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Road Paving Crew Member Dies After Being Run Over By A Dump Truck

MinnesotaFACE InvestigationMN9219

January 5, 1993


A 27-year-old male member of a road paving crew (victim) died of injuries he received as a result of being run over by a dump truck. The victim, a truck driver, was positioned on the outside of his dump truck on the passenger side between the cab and the rear tandem wheels; it is unknown whether he was lying under the truck or whether he was squatting next to the truck. Some tools found next to him after the incident indicate that he may have been attempting to adjust the truck brakes. A roller operator who needed the truck moved in order to continue his tasks entered the truck on the driver’s side. He moved the truck forward approximately 15 feet and, in the process, ran over the victim. MN FACE investigators concluded that, in order to prevent similar occurrences, the following guidelines should be followed:

  • use of a lockout-tagout system should be required when vehicles are left unattended or undergoing repair/adjustment; and
  • wheels of vehicles undergoing repair or adjustment should be chocked to help prevent unintentional movement of the vehicle.



MN FACE investigators were notified by MN OSHA of a October 14, 1992, road construction fatality occurring on that same day. An employer interview and site investigation were conducted October 15, 1992. Police and coroner reports were requested.

The victim had worked as a truck driver for a paving company employing 24 workers for two seasons, each seven and one-half months long. Safety training for drivers included a written Department of Transportation test and a driver’s test with a trained observer. A safety consultant visited the company once a month and presented general safety and federal and state Department of Transportation compliance lectures to the employees. These visits were usually between one and one-half to two hours long. The company had verbal safety guidelines but no written safety rules or procedures.



A road paving crew was laying blacktop in two lanes of a four-lane residential city roadway. Dump trucks were being used to haul blacktop to a paver which was situated on a north-south bound road. Trucks waiting to dump their load of blacktop were parked on the east-west bound road around the corner from the paver. The victim’s dump truck was parked in the inner lane of this east-west bound road and faced west. A roller approached the truck in this lane from the west. See Figure 1 below.

Diagram of fatality scene.


Figure 1.


Tack had been sprayed in the outer lane of the work area, represented by hatching in the diagram. Tack is a sticky liquid spray used between two layers of blacktop for better adhesion. Trucks were able to drive on the tacked area of the road if necessary, but to avoid getting the roller sticky, it could not travel on tacked areas.

While the victim’s truck remained idling, he left the cab to apparently check something underneath it or to adjust its brakes. A hammer and the wrench used for brake adjustment were found near him after the incident. He was positioned between the cab and the rear tandem wheels of the truck on the passenger side.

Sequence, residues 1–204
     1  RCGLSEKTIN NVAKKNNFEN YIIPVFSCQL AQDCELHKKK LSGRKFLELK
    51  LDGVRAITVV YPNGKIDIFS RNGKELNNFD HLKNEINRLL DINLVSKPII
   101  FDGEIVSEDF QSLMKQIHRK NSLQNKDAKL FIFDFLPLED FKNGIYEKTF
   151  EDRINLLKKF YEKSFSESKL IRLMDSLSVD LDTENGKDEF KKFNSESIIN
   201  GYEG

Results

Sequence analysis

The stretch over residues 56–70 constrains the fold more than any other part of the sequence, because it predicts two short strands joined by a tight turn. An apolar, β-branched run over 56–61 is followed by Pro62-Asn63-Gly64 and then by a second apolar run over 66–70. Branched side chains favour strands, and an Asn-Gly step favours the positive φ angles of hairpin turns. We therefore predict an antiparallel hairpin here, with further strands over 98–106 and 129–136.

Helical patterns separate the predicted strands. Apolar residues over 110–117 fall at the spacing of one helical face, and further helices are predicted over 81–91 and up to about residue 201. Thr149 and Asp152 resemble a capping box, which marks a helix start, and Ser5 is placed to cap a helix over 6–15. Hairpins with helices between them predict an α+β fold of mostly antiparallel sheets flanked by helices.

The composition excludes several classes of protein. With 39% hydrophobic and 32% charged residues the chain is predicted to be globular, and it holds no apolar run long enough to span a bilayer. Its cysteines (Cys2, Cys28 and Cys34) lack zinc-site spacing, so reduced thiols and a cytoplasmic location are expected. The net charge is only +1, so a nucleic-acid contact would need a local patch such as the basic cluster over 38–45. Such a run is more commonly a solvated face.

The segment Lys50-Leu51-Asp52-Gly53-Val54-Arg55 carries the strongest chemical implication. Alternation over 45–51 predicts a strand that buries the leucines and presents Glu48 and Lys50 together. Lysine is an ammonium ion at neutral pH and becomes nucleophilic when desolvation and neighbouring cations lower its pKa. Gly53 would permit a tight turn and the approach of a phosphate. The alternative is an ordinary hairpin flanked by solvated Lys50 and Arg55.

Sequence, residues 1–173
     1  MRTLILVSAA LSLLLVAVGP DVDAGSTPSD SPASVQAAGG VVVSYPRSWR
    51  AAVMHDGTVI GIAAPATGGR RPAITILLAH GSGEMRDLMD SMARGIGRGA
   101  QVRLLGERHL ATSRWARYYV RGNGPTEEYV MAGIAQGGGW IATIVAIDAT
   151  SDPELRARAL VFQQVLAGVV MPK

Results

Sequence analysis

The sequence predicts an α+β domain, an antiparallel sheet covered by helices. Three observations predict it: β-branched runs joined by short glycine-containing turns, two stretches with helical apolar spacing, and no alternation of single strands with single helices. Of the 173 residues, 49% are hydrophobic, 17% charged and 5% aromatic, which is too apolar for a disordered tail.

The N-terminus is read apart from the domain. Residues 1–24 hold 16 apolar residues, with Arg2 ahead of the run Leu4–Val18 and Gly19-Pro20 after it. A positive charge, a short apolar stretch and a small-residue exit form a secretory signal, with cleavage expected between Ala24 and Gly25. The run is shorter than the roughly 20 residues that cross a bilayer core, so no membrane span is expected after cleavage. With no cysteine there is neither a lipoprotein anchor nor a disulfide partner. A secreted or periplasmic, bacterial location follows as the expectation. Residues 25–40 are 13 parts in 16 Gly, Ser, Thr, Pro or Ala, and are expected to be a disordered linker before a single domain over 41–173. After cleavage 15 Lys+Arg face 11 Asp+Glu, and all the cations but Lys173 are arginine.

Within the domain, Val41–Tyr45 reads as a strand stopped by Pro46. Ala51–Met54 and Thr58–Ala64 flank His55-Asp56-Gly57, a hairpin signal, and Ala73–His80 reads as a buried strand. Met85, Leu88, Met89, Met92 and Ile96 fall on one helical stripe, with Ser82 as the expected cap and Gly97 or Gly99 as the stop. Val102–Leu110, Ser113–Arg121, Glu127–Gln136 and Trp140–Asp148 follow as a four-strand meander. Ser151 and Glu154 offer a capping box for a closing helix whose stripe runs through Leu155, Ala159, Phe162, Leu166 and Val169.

The roller approaching from the west was unable to pass the truck because it could not proceed in the tacked lane. The operator approached the idling truck on the driver’s side, entered the cab, and released the park brake. He did not see the victim who was located on the passenger side of the truck. He put the truck into gear and drove it forward approximately 15 feet to make enough clearance in the inner lane for the roller to pass. The truck driver was run over and killed in the process.

Another nearby truck driver saw the victim come out from under the moving truck and immediately dialed 911 from his cellular radio. Resuscitative attempts by first responders on site included CPR, but the victim died en route to the emergency room.



The cause of death as listed on the death certificate was multiple traumatic injuries.



Recommendation #1: Use of a lockout-tagout system should be required when vehicles are left unattended or undergoing repair/adjustment.

Discussion: It was quick and easy for the roller operator to enter and move the truck in this incident. If measures had been taken to make the unintentional movement of the truck difficult this fatality may not have occurred. Turning the engine off and removing the keys would have prevented the roller operator from moving the truck. A tagout indicating that work was being performed on the truck would have warned the roller operator against moving the truck. In addition, a general safe work practice for the entire road crew might be that only “assigned” vehicles are operated by individuals (i.e., workers do not move others rigs).

Recommendation #2: Wheels of vehicles undergoing repair/adjustment should be chocked to help prevent unintentional movement of the vehicle.

Discussion: Chocking the wheels of the truck could have been a visible signal to other workers that work was being performed on it and that it was not to be moved until further approval was granted. In addition, it would have been necessary for the operator to remove the chocking and he would have seen the victim before moving the truck.

To contact Minnesota State FACE program personnel regarding State-based FACE reports, please use information listed on the Contact Sheet on the NIOSH FACE web site Please contact In-house FACE program personnel regarding In-house FACE reports and to gain assistance when State-FACE program personnel cannot be reached.